Scientists have discovered a key warning sign before a crucial Atlantic current collapses and plunges the northern hemisphere into climate chaos.
The Atlantic Meridional Circulation (AMOC) transports warm water northward from the Southern Hemisphere, where it releases heat and freezes. The freezing process concentrates the salt in the unfrozen portion of the ocean water; This extrasaline water sinks, travels back south, and regains heat again, restarting the conveyor belt. (The Gulf Stream is part of this belt).
This release of heat helps keep Europe, and to some extent North America, warmer than it would otherwise be. But sediment records from the past 100,000 years suggest that the AMOC has sometimes closed abruptly, causing major climate changes in just a few decades.
Scientists believe we could be veering towards this scenario once again (potentially as early as 2025) as a result of climate change. Until now, however, researchers had no way of knowing whether the current is on its way to one of these tipping points.
In a new study, published today (February 9) in the journal Scientific advances, scientists discovered that the flow of fresh water into the Atlantic Ocean at a latitude of 34 degrees south (the latitude where South Africa is located) may indicate a key warning signal for an imminent AMOC collapse. The team found that about 25 years before the AMOC collapses, this flow reaches a minimum).
Scientists do not have a long enough record of observations of freshwater flow at this location to predict how far the AMOC is from a tipping point at this time. However, they do know that this flow has been decreasing.
Related: A controversial study on climate change claims that we will exceed 2 °C before 2030
“We are approaching the tipping point, but we cannot deduce the distance to the tipping point,” says the first author of the study René M. van Westena postdoctoral researcher in marine and atmospheric sciences at Utrecht University told Live Science.
Because the rise and fall of the AMOC depends on the salinity of the water, this circulation is very sensitive to freshwater inputs, van Westen said. As the climate warms and precipitation patterns change, the patterns of freshwater flow into the ocean also change.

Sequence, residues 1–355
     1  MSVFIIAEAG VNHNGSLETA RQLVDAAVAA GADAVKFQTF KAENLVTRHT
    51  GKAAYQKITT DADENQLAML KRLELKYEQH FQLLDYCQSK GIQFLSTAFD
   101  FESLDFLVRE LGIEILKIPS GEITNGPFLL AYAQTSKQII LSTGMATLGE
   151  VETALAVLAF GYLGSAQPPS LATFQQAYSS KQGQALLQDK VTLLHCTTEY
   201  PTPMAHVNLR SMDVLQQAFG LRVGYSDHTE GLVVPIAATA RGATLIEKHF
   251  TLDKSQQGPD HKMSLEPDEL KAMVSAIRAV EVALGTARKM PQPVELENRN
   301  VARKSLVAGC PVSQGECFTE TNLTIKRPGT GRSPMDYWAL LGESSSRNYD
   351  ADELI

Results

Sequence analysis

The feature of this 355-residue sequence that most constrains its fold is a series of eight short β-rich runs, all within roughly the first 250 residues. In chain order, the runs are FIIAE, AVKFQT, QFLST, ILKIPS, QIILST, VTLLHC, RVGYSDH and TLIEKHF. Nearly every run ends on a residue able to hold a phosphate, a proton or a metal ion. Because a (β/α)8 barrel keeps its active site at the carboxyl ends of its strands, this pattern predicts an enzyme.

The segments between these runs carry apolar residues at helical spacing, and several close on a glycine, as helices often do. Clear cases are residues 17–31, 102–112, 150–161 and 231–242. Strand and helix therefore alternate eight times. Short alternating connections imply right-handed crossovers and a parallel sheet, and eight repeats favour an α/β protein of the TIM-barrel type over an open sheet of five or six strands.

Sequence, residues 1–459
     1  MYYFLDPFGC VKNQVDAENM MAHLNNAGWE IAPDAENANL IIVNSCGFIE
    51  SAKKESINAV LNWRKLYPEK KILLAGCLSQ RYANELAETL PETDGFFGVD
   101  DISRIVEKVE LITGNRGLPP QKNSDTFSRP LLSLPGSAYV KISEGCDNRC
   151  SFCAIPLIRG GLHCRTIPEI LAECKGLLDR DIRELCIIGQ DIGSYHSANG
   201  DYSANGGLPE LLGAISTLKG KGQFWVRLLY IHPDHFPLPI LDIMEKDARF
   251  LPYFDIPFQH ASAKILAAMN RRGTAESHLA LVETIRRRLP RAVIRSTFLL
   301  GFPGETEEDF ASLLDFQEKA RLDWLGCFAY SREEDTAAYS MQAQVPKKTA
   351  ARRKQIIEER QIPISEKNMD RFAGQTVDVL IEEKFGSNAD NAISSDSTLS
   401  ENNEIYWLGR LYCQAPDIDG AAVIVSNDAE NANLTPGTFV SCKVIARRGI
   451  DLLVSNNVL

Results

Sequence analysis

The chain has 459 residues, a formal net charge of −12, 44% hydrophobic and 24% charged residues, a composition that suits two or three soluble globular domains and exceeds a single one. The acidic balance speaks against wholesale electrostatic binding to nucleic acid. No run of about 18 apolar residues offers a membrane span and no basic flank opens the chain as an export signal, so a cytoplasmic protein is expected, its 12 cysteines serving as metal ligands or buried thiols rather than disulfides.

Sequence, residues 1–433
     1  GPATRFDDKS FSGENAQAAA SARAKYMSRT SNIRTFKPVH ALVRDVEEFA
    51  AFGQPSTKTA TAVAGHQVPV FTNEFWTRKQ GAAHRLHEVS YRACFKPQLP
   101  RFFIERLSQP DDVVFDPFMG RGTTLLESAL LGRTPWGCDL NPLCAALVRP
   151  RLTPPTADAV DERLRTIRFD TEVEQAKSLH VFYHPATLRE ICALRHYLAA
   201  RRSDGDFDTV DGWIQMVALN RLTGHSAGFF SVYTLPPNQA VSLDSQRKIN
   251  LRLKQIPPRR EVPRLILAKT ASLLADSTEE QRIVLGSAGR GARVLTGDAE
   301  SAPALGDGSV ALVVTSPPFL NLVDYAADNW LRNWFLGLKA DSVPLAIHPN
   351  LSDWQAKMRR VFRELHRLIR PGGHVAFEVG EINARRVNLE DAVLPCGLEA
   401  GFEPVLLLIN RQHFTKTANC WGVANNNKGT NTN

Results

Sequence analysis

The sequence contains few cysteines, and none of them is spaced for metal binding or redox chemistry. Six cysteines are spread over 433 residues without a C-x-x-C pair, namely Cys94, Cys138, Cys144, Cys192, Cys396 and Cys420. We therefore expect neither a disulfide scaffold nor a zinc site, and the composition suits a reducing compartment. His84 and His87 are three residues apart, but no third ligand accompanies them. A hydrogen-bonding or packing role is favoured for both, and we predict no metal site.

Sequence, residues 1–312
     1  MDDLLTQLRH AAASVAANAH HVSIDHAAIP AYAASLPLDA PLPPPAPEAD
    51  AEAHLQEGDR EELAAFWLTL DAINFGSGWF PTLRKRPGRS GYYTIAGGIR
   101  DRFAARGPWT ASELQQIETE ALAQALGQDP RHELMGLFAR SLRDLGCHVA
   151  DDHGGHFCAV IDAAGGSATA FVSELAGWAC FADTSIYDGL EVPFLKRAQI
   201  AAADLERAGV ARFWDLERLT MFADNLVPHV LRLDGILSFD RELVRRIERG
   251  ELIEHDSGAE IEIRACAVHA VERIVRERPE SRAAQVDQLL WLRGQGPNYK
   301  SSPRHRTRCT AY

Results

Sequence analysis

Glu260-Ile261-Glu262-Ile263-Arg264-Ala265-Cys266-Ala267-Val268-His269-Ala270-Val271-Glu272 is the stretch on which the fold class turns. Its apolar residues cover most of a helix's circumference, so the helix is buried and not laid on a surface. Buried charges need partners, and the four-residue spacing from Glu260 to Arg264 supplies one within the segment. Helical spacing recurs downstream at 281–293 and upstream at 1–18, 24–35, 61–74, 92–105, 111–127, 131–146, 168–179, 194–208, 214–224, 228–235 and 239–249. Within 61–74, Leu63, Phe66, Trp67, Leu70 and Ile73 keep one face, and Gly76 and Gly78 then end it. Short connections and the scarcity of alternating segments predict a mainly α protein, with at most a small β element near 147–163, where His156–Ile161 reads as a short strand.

However, it is difficult to predict the results and finding the AMOC tipping point requires simulating a gradual increase in freshwater flow in the North Atlantic over more than 2,000 years, van Westen said. This is a long and computationally expensive process, but trying to take shortcuts by simulating large pulses of freshwater is not as realistic or accurate.
The researchers modeled this gradual increase in freshwater using state-of-the-art climate models. They found a long negative trend in freshwater flow at 34 degrees south (the southern border of the Atlantic Ocean), reaching a minimum about 25 years before the AMOC collapsed. The minimum is not tied to a specific salinity value, but is relative to previous patterns, so researchers are not sure how these conditions compare to today. The collapse of AMOC caused a complete lack of circulation and a loss of approximately 75% of south-to-north heat transport.
If the AMOC were to collapse in the near future, the consequences would be dire. Without the AMOC, the Northern Hemisphere would become colder and the Southern Hemisphere would warm, although to a lesser degree. The effects vary by region, but Europe would be hit hard, van Westen said, cooling by 9 to 18 degrees Fahrenheit (5 to 10 degrees Celsius) within a century. This is a huge change, even compared to the current level of climate change, which is already having an impact.
“On average, the global climate warms about 0.2 degrees C (0.36 F) per decade,” van Westen said.
The collapse of the AMOC would also cause changes in precipitation around the world. For example, wet and dry seasons in the Amazon rainforest would trade places, leading to significant ecological impacts, the researchers wrote in the paper.
“We know that under climate change this AMOC will gradually weaken and this (freshwater) parameter will become more negative, thus further destabilizing the AMOC,” says van Westen. The message, he added, is that the need to stop climate change is urgent: “We need to stop emitting as a global society.”